Finding a Subway in Baltimore is getting easier.
By year's end, the sandwich-maker will have 56 restaurants in Baltimore, twice as many as it had three years ago. In the rest of Maryland, Subway has added 80 stores in the past three years, increasing the chain's count to 190 beyond the city.
Baltimore and the mid-Atlantic region helped lead Subway's charge last year past McDonald's to become the largest restaurant chain in the country. The city and the region ranked No. 1 in terms of store openings for the chain.
With 13,706 restaurants in the United States as of yesterday, the chain increasingly foresees growth in urban markets. "We've had strong but steady growth over the last several years, and over the last two to three years our growth has really accelerated," said Jim Smith, development agent for Subway in Baltimore. "The existing franchisees want to open more stores."
In recent years, the Milford, Conn.-based chain has updated its menu with new breads and sandwiches to attract health-conscious consumers.
Then there's the Jared factor.
Subway distinguished itself from other fast-food companies three years ago after learning about Jared S. Fogle's weight-loss plan and featuring him in a series of commercials. While he was in college, the story goes, Fogle lost 245 pounds in a year eating a 6-inch turkey sub for lunch and a foot-long vegetarian sub for dinner every day.
The commercials helped Subway tap a trend among Americans who wanted fast food that was more healthful than the usual fried fare. Subway's worldwide sales rose from $3.6 billion in 1999 to $5.17 billion last year, a 43 percent increase.
The Jared marketing campaign boosted Subway from a large company "into an extremely prosperous franchise company," said franchise consultant Michael H. Seid of West Hartford, Conn.
"It was a really good marketing campaign," he said. "It was huge."
In the Baltimore region, the chain's success is being driven mostly by existing franchisees who are happy with the business and want to open more stores. But the chain also attracts new franchisees in a difficult economy.
"This year in particular, with the dot-com bust and a lot of people losing their jobs or being bought out of their jobs with severance, a lot of people are looking to own their own businesses," said Alan Warmund, president of Subway Development Corp., which develops the chain's franchises in Virginia, Delaware, Washington and Maryland.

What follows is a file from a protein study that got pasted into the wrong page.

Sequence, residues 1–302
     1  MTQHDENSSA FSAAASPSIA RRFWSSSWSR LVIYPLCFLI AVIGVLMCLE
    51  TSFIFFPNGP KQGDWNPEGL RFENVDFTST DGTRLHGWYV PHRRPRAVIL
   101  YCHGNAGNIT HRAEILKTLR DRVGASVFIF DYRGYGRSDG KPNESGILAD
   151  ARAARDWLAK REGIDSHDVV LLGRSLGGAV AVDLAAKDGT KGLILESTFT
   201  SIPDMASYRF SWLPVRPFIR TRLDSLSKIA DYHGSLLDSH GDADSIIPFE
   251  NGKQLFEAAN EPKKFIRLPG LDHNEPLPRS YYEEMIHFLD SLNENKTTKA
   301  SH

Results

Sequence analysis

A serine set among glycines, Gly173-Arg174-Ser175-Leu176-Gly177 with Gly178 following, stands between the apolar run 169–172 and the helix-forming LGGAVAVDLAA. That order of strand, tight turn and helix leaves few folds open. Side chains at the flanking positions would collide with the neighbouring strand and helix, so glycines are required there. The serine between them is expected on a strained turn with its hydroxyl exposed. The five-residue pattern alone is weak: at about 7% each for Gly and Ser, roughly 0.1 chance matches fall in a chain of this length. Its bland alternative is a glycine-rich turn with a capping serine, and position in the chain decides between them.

Warmund said great demand exists to open Subway restaurants. He is focusing on developing new locations in the counties around Baltimore.
"I have over 2,000 inquiries and over 400 applications," he said. "That's enormous because I can't possibly place all of these people all at once."
In the past, Subway grew mainly beyond cities, where rents were lower and markets less diverse. Now, said Don Fertman, Subway's corporate director of franchise sales, "everybody knows us, and that enables us to go into much higher profile locations. Thus, the drive now toward urban development, where oftentimes the rents are higher."
Unlike many fast-food chains, Subway doesn't own any stores, relying solely on entrepreneurs such as Wendell S. Jones for the chain's franchise expansion.
Jones, 37, left a retail management position four years ago to open his first Subway, in Cherry Hill. He worked part time at a Home Depot to save money to open a franchise. Now, Jones has his third Subway -- a shop that opened in April in the city's Mount Vernon neighborhood -- and has plans for a fourth.
"I'm going to open more stores," Jones said, who has a partner in the business. "That's my goal, to become financially independent."
Employee turnover -- a common problem in the fast-food business -- presents one of his greatest challenges in running the business, Jones said. He said he works about 50 hours a week.
Smith, the local Subway development agent, helped Diana C. Sims find a spot for a new restaurant in the redeveloped Montgomery Park office building in West Baltimore. She opened her first Subway inside a Citgo service station at Reisterstown Road and Northern Parkway more than a year ago for about $75,000.
"I think my experience overall has been excellent," said Sims, 51, who said her goal is to open five restaurants.
The average Subway store in Baltimore has annual sales of $425,000, which is 21 percent more than the national average of $355,000, Subway officials said.
Start-up costs are relatively low, making Subway appealing to small-business owners. In Baltimore, Smith said, it costs $65,000 to $125,000 to open a franchise, plus about $50,000 to lease equipment.
Franchisees pay a one-time $10,000 franchise fee, plus a weekly royalty of 11.5 percent of sales to the corporate parent.